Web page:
The silvery Milky Way and green bands of airglow stretch across the high plains and big sky of the Cypress Hills.
The Moon had long set and the night looked as dark as it could be. No lights interrupted the flat clear horizon. These are the high plains of the Cypress Hills, the highest place in Canada between Labrador and the Rockies.
And yet, in the panoramic photos I took last night the sky revealed its true colours.
In the 360° panorama above, the Milky Way arches overhead from northeast to southwest. It was obvious to the naked eye. But stretching across the sky from east to west are also bands of green and red airglow that were completely invisible to the eye, except perhaps for making the sky look more grey than it might have otherwise.
These aren’t aurora but are emissions of light caused by oxygen atoms fluorescing as they give off some of the energy they absorbed by day. Time-lapse sequences show these bands moving slowly across the sky.
I drove up the Graburn Road last night, to the plateau of Cypress Hills, to shoot a time-lapse of the Milky Way moving above this lone tree on the plains. It’s called the Survivor Tree, subject to drought, blizzards fire, cattle, and even being cut down at one time. But still it survives. With a cold wind blowing last night I had a taste of what this tough Lodgepole Pine has had to endure.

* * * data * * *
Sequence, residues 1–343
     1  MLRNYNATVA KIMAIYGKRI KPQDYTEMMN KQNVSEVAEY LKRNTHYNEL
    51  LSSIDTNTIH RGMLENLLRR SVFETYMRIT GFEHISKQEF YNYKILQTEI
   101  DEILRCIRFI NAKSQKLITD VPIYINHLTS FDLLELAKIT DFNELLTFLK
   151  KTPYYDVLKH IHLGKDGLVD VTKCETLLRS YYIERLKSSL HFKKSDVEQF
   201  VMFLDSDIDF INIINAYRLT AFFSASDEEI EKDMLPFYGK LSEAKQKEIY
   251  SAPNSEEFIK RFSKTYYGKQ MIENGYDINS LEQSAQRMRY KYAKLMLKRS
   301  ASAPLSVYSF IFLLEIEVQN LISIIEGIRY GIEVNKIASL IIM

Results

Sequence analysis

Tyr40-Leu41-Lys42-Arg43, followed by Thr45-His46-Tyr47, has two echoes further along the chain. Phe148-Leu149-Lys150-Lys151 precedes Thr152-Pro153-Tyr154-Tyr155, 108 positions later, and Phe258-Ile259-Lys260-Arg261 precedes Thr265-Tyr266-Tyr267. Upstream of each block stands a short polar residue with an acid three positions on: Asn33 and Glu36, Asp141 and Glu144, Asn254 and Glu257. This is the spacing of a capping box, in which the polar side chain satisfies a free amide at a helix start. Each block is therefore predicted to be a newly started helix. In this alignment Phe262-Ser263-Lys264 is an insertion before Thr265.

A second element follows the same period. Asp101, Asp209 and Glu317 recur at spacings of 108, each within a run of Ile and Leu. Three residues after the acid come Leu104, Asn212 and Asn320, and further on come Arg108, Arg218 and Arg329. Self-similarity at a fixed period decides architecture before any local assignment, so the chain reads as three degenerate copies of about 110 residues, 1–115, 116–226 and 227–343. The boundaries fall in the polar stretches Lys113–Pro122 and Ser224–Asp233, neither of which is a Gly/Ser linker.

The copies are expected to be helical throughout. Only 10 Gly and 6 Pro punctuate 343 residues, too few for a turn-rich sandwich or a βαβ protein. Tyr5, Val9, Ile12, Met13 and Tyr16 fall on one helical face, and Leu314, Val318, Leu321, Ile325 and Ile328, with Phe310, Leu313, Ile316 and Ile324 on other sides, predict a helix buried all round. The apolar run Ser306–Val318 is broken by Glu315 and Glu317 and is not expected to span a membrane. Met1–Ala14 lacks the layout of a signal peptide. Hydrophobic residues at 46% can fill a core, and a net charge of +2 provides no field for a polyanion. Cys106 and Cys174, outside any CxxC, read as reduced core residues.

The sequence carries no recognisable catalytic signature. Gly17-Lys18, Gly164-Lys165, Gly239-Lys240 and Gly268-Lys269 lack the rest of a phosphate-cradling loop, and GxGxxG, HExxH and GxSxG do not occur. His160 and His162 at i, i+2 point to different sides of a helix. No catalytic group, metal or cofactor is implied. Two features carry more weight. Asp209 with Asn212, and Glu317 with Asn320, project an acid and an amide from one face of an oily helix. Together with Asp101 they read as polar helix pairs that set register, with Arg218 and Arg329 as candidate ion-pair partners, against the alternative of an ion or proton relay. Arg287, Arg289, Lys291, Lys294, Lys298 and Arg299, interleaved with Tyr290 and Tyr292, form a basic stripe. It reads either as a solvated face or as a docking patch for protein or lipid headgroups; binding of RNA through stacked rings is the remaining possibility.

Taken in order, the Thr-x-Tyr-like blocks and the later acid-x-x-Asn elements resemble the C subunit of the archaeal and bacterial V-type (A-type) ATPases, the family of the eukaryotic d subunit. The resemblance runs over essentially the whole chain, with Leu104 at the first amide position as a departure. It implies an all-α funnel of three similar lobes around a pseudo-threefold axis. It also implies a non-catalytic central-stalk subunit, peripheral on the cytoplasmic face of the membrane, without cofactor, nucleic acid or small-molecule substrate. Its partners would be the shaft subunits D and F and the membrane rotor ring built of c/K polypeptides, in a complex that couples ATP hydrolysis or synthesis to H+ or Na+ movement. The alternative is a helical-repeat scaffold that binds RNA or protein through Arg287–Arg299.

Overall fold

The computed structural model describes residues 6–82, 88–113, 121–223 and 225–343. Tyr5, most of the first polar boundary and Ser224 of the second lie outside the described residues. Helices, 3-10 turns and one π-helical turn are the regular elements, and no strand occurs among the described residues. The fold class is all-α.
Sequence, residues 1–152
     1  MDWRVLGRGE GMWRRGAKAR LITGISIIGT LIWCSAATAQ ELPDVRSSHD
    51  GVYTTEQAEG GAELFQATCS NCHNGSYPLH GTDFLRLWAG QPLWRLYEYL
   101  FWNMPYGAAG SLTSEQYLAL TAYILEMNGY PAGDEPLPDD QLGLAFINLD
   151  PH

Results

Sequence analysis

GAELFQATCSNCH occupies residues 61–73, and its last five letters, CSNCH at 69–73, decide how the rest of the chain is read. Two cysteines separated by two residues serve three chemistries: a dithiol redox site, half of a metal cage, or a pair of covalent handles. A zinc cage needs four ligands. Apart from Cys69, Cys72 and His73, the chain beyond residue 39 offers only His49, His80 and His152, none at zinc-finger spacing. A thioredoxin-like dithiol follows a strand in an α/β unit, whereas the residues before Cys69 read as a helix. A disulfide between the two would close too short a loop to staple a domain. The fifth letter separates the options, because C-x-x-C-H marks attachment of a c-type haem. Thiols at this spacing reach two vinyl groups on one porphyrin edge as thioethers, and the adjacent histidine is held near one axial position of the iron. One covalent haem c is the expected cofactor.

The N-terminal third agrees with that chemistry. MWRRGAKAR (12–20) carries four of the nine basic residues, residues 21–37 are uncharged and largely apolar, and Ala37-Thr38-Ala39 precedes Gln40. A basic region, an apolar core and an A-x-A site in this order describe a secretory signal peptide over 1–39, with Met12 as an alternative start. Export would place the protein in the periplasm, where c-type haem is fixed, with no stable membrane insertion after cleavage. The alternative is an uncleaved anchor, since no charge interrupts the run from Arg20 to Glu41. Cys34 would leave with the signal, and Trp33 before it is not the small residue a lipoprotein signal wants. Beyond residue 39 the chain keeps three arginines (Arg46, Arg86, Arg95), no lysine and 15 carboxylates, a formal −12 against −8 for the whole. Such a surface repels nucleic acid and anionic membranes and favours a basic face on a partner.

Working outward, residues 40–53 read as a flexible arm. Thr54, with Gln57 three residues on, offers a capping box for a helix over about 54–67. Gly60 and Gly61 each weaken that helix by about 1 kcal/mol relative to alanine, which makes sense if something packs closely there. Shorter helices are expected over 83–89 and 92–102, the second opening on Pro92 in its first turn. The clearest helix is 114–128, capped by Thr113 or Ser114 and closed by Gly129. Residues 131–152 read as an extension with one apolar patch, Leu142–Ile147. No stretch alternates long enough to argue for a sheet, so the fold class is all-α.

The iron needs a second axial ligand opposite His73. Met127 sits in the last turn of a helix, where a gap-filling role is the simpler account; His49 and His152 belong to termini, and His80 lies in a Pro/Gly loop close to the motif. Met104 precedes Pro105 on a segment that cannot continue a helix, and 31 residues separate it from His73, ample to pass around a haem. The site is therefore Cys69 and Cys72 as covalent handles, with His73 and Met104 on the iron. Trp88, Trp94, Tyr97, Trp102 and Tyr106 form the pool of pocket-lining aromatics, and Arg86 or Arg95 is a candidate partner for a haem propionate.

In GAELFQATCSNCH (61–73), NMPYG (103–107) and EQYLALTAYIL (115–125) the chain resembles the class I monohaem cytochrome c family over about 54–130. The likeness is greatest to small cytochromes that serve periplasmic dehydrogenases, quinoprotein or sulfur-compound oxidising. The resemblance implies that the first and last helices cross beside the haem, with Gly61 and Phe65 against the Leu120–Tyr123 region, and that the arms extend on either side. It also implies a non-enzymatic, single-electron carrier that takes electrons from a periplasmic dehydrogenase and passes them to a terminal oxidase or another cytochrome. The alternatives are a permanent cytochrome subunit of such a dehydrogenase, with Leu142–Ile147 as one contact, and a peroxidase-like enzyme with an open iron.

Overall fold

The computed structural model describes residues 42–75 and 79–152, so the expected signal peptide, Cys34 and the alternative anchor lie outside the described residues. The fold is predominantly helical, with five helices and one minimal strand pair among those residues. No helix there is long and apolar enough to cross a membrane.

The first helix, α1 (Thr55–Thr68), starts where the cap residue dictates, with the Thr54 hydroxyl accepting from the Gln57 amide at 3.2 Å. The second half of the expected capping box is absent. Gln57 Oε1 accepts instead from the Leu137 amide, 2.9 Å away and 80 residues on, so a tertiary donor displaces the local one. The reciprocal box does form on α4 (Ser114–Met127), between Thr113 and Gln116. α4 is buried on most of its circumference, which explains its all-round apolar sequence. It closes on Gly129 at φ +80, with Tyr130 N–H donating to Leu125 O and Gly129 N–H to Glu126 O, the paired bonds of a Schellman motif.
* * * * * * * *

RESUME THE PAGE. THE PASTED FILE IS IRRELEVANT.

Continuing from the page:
This is one frame from the final movie clip, with the tree and sky still lit by the light of the setting waxing Moon. An enduring tree beneath the timeless stars.
Early in the evening the northern sky was also marked by another sky phenomenon, noctilucent clouds – very high altitude clouds still lit by sunlight long after the Sun has set locally. These clouds made for a nice photo for a few minutes but soon faded from view as the Sun set even as seen from where these clouds live at the edge of space.
The night was left dark, with no aurora tonight – just the Milky Way and the faint wisps of airglow over the high plains of southern Alberta.
– Alan, July 16 2013 / © 2013 Alan Dyer
3 Replies to “High Plains Panorama of the Night Sky”
Hi Al, really enjoy your works. You certainly live in a beautiful area, bob
Yes, Bob, southern Alberta has a wealth of wonderful landscapes and skyscapes.
For the tech minded — the panorama is an 8-segment pan, each segment taken with an 8mm fish-eye and a 90s exposure at ISO 3200 and f/3.5. I used PTGui software to stitch the pan, and Photoshop to process each segment and the final pan.